The judge should use the plain everyday ordinary meaning of the words, even if this produces an unjust or undesirable outcome. A good example of problems with this method is R v Maginnis ,  in which several judges in separate opinions found several different dictionary meanings of the word supply. Another example is Fisher v Bell , where it was held that a shopkeeper who placed an illegal item in a shop window with a price tag did not make an offer to sell it, because of the specific meaning of "offer for sale" in contract law. As a result of this case, Parliament amended the statute concerned to end this discrepancy.
The golden rule is used when use of the literal rule would obviously create an absurd result. There are two ways in which the golden rule can be applied: Under the narrow method, when there are apparently two contradictory meanings to the wording of a legislative provision, or the wording is ambiguous, the least absurd is to be preferred. Under the broad method, the court modifies the literal meaning in such a way as to avoid the absurd result. Adler argued that he was not in the vicinity of such a place but was actually in it. The court chose not to read the statutory wording in a literal sense to avoid what would otherwise be an absurd result, and Adler was convicted.
The mischief rule is the most flexible of the interpretation methods. Stemming from Heydon's Case , it allows the court to enforce what the statute is intended to remedy rather than what the words actually say. For example, in Corkery v Carpenter , a man was found guilty of being drunk in charge of a carriage, although in fact he only had a bicycle. In the United States, the courts have stated consistently that the text of the statute is read as it is written, using the ordinary meaning of the words of the statute.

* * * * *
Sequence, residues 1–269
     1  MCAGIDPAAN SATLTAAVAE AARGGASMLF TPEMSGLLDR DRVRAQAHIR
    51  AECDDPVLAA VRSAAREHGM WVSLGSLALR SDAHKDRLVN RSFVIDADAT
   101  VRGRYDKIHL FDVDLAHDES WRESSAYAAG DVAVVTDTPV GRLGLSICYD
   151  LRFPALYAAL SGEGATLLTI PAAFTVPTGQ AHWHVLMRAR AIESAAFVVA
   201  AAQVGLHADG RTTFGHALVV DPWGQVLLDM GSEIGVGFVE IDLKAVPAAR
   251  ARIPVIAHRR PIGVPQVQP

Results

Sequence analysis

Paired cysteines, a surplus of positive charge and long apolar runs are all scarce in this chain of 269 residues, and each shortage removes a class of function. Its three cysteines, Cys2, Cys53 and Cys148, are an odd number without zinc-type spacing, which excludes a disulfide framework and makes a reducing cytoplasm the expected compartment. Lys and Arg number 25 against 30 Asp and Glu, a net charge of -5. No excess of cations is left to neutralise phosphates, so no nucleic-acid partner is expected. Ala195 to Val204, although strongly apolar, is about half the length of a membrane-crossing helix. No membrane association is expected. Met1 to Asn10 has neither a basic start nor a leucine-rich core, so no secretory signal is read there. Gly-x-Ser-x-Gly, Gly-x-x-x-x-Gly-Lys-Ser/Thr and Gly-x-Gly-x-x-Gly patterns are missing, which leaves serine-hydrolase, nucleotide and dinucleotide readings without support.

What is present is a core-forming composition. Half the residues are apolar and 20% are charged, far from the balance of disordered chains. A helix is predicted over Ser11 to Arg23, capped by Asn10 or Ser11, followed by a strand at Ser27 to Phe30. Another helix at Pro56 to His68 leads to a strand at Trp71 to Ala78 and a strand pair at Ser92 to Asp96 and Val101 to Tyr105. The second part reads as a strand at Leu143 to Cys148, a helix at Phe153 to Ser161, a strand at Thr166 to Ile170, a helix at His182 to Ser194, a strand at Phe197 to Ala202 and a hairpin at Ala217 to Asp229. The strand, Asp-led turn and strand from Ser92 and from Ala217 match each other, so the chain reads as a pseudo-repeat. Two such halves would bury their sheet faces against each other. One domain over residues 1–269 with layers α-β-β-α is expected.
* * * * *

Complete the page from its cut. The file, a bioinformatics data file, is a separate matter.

However, most legal texts have some lingering ambiguity—inevitably, situations arise in which the words chosen by the legislature do not address the precise facts in issue, or there is some tension among two or more statutes. In such cases, a court must analyze the various available sources, and reach a resolution of the ambiguity. The "Canons of statutory construction" are discussed in a separate article. Once the ambiguity is resolved, that resolution has binding effect as described in the rest of this article.